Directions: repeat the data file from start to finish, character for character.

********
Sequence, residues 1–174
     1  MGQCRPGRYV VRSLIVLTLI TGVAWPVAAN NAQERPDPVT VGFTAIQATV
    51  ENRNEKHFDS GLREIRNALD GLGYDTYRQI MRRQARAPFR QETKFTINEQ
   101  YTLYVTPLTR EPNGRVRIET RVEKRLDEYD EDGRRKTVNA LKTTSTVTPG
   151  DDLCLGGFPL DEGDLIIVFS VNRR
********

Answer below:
Sequence, residues 1–174
     1  MGQCRPGRYV VRSLIVLTLI TGVAWPVAAN NAQERPDPVT VGFTAIQATV
    51  ENRNEKHFDS GLREIRNALD GLGYDTYRQI MRRQARAPFR QETKFTINEQ
   101  YTLYVTPLTR EPNGRVRIET RVEKRLDEYD EDGRRKTVNA LKTTSTVTPG
   151  DDLCLGGFPL DEGDLIIVFS VNRR